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Take-Two president "highly sceptical" about games subscriptions

Karl Slatoff tells investors services like Xbox Game Pass will become the primary way games are consumed

The president of Grand Theft Auto and NBA 2K publisher Take-Two Interactive doubts that subscriptions are due to dramatically transform the games industry.

Karl Slatoff was among the Take-Two execs questioned during an earnings call that followed the publisher's latest financial results, which reported revenues of $841.1 million and net booking of almost $960 million.

According to Seeking Alpha's transcript, one caller asked the leaders for their thoughts on the subscription model, observing that -- while Microsoft in particular has pushed the model aggressively -- many avid consumers still only tend to play a few titles per year.

"I don't think our views have changed much. We're open minded," Slatoff replied. "We're highly skeptical that subscriptions will be the only way or the primary way that interactive entertainment is distributed.

"That's because of the way people consume it. And the price point for owning a title, which is very reasonable and very, very low, actually, on a per hour basis."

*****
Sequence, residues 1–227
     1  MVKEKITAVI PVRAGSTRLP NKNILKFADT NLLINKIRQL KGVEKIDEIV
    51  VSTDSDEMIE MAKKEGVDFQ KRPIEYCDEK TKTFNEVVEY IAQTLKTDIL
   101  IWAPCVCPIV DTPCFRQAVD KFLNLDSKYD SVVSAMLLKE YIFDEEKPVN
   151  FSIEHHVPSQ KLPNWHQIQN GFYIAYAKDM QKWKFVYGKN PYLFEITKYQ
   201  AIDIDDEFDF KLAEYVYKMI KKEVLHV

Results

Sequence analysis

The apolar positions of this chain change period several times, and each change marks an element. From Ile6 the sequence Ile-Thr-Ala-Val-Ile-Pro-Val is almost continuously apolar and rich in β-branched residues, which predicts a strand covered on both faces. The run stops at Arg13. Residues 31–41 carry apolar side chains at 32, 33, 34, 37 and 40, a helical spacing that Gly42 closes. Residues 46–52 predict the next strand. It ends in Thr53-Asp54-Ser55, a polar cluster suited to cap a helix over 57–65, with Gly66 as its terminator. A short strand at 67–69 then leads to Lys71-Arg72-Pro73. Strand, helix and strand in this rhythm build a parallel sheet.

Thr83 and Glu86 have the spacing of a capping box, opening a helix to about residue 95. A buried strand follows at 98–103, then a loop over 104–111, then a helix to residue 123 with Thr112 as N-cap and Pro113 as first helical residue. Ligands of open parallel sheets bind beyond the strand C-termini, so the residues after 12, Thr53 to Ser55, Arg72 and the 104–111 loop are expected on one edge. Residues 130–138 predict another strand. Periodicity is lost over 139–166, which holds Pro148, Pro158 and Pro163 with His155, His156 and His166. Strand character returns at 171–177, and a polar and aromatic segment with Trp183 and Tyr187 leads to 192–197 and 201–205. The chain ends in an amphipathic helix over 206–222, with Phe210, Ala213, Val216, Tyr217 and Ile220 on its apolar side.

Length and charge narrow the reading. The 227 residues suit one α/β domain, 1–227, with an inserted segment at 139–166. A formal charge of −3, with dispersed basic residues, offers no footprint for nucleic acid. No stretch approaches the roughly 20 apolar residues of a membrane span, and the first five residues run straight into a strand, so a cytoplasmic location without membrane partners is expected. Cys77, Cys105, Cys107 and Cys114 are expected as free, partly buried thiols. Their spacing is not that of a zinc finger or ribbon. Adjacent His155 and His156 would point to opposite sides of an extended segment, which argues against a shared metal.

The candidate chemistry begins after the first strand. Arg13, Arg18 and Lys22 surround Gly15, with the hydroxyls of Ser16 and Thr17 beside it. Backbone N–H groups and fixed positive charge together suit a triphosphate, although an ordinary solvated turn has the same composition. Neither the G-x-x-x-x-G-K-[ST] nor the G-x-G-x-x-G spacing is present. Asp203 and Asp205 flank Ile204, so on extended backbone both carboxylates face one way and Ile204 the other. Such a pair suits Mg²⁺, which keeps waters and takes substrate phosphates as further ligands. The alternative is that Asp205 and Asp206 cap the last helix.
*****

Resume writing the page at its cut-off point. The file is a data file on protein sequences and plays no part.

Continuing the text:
He added that subscriptions "can play a role in delivering catalogue" and notes Take-Two has supported multiple subscription services with previously released titles. Both GTA 5 and Red Dead Redemption 2, for example, have appeared for brief periods on Xbox Game Pass.

"I imagine we'll continue to do [that]," Slatoff continued. "At the end of the day, the consumer will decide and we will be where the consumer is."

Another caller brought up the rise of AAA franchises venturing into free-to-play on mobile, such as Call of Duty, and asked whether that's likely to happen for GTA or NBA 2K.

Chairman and CEO Strauss Zelnick said the company is "open-minded about our business model and... wouldn't rule out the possibility at some point."

"We deliver the highest quality experiences in the business and we charge much less for them than we believe they're worth to consumers," he said. "And then we deliver typically an ongoing component that is free. That's already a great deal of value at any monetisation -- of course, it's totally optional."

He added that he prefers this model, which he considers "tethered free-to-play," where people purchase a game like Grand Theft Auto and the online multiplayer is "effectively a free-to-play experience... that can go on for many years."

"And unlike many sort of casual titles, the monetisation is not necessary to enjoy the experience it's an additional benefit," he continued. "There are no toll booths in any of our online games that are attached to our core games."

He recognised that, while some of Take-Two's competitors have taken console IP and created standalone mobile free-to-play games from them, "we have not done that yet [and] we have not announced any plans to do it."

When the subject of mobile games returned later in the call, Zelnick said: "It is not lost on us that the biggest hits in the mobile business are native to the mobile business. They're not based on licensed IP. They're not based on console IP. The biggest hits are native to the business."

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